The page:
75. William Nylander, RW, Toronto Maple Leafs

Now that he’s removed from the contract squabbles, Nylander is back to being one of the best young players on a young, talented Maple Leafs roster. He still has defensive issues and isn’t as dominant as one would like him to be a nightly basis, but he posted 31 goals and 59 points in 68 games before the regular season went on pause in mid-March.

He’s only 23 years old so there’s time to improve, but he’s also clearly not up with peers from his age group like David Pastrnak and Leon Draisaitl.

74. Sebastian Aho, LW, Carolina Hurricanes

The fact that the Aho got both Hart and Selke votes last season at just 21 years old should let everybody know that he’s a force to be reckoned with down in Carolina.

Sure, he went through the whole offer sheet fiasco when he almost bolted for Montreal. But he bounced back with 38 goals and 66 points in 68 games this season before the games went on pause, and he was still a plus-10 while also leading the NHL with four shorthanded goals this season. He was well on his way to 40 goals this season and seems to keep getting better every season.

73. Jaccob Slavin, D, Carolina Hurricanes

Extremely underrated because he’s not a pure offensive defenseman, Slavin is an old-fashioned two-way D-man with size (6-foot-3, 207-pounds), decent offense with six goals and 36 points in 68 games and a plus-30 mark that shows how he excels at both ends of the ice.

Slavin keeps growing support each season for All-Star consideration and the Norris Trophy as well, and is one of the best defensemen in the NHL that nobody talks about. The Stanley Cup Playoffs may have been a bit of a learning curve for him last season, but he just keeps getting better.

72. David Krejci, C, Boston Bruins

After posting 20 goals and 73 points last season in a standout year for the veteran center, the 33-year-old Krejci had fallen back a bit this year with 13 goals and 43 points in 61 games. He was a plus-10 and was playing 17:10 of ice time per game while driving things on Boston’s second line with an inconsistent Jake DeBrusk and a group of musical wingers on the right-hand side. So he wasn’t getting much help either.

Krejci did show how much greatness he is capable of, however, when he centered Brad Marchand and David Pastrnak for a couple of weeks when Patrice Bergeron was out with injury. Krejci has precision passing skills and a keen hockey I.Q. and those things become weapons when he’s playing with big scorers on his line.  

71. Mikko Rantanen, RW, Colorado Avalanche

After back-to-back 80 point seasons, Rantanen took a little bit of a step back this year due to injuries. He had just 19 goals and 42 points in 41 games while the Avs had a hard time keeping their super line of Rantanen, Gabriel Landeskog and Nathan MacKinnon together, and Rantanen was back to being a minus player after a couple of years in the positive.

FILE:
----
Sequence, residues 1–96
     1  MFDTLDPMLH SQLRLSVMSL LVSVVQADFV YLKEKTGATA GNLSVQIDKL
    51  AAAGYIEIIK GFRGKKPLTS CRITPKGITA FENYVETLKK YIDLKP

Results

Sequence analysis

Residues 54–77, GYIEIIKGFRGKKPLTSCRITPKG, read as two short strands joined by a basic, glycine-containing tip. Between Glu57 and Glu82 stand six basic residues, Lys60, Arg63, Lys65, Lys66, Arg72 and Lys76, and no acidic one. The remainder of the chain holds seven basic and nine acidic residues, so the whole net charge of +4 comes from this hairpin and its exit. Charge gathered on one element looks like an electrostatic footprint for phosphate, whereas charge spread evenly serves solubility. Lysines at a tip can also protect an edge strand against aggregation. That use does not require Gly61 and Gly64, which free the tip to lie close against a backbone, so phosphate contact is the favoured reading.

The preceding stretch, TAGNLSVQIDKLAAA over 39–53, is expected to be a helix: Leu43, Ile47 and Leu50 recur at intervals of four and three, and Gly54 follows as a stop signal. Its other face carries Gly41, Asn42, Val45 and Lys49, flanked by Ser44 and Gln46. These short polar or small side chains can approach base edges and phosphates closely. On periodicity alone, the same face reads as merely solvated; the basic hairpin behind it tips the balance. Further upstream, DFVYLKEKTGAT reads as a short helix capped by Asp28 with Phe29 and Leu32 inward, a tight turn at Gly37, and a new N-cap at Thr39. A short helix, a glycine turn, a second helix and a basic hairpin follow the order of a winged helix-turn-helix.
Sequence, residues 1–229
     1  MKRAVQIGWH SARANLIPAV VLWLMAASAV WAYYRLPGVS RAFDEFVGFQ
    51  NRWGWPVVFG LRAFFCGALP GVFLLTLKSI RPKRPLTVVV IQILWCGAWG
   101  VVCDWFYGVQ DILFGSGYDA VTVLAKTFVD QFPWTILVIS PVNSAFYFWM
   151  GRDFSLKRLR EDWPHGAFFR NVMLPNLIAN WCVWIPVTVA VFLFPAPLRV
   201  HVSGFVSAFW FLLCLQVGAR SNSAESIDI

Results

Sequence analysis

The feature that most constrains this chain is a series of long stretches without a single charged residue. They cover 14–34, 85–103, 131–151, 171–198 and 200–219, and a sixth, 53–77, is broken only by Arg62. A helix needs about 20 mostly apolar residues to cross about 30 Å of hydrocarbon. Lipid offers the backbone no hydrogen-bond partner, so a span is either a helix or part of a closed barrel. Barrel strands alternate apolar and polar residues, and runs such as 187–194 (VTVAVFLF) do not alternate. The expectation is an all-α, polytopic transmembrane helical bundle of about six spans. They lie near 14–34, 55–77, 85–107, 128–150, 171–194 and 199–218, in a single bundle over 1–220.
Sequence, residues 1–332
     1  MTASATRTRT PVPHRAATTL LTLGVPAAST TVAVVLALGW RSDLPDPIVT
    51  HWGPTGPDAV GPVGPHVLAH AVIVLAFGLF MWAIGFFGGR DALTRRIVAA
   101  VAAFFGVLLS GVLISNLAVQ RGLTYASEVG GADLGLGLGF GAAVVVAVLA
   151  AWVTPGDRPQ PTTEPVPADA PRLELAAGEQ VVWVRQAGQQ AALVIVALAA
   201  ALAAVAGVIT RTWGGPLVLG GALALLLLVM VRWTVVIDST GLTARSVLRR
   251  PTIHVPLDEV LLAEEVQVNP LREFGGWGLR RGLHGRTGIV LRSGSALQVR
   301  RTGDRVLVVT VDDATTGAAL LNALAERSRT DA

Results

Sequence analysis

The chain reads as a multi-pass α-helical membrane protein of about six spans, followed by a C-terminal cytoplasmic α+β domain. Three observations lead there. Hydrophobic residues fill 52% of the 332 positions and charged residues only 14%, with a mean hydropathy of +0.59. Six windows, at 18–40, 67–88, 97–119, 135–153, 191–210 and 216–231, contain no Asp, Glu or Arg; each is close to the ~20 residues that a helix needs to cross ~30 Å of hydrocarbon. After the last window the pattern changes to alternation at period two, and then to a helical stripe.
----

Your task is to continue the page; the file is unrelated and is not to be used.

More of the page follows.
Rantanen also had six goals and 14 points in 12 games during last spring’s playoffs and showed there’s an extra gear there when it matters most. The 6-foot-4, 215-pound right winger just keeps getting better and better.

70. Oliver Ekman-Larsson, D, Arizona Coyotes

A lifelong member of the Coyotes organization, the 28-year-old Ekman-Larsson was enjoying another solid year with nine goals and 30 points in 66 games in Arizona. He was also only a minus-3 after some pretty rough defensive seasons in the recent past, so that’s not too shabby for a guy who's a minus-92 for his entire NHL career.

He was also one goal short of scoring double-digit goals for the seventh straight season and had only finished under 40 points once in the last seven years.

69. Morgan Rielly, D, Toronto Maple Leafs

Coming off 20 goals and 72 points for the Maple Leafs last season, the bar was set pretty high for Rielly headed into this year. Instead he was with a Maple Leafs team that struggled out the gate and resulted in Mike Babcock getting fired while Rielly took a major step back with just three goals and 27 points in 47 games.

Some of that might have been about losing out on offensive chances to new D-man Tyson Barrie, but perhaps some of it was also about last season being a bit of a monster, aberrational year for the 26-year-old former first round pick. Still, he’s good enough to be the No. 1 guy in Toronto right now.

68. Matthew Tkachuk, LW, Calgary Flames

The 6-foot-2, 202-pound Tkachuk has certainly made a name for himself in Calgary, where he’s a power forward who can beat you with his physicality, his offense and the attitude he brings to the table as well. Like many Flames players, he took a bit of a step back from last season where he posted 34 goals and 77 points while totaling over 200 shots on goal for the first time in his career.

This season, he dipped into the minus and had just 23 goals and 61 points in 69 games, but he’d also become a major crap-stirrer in games against the L.A. Kings and Edmonton Oilers. There aren’t many guys in the league like Tkachuk anymore, so it’s important to fully credit the guys who do play that way.

67. Jordan Binnington, G, St. Louis Blues

The runner-up for the Calder Trophy last season and a player who got Vezina, Hart and All-Star votes while leading the Blues to their first Stanley Cup title, Binnington wasn’t quite as brilliant this year. But he was still solid with a 30-13-7 record along with a .912 save percentage and 2.56 goals against average, and was dealing just fine with heightened expectations after he stormed onto the scene as a 26-year-old rookie.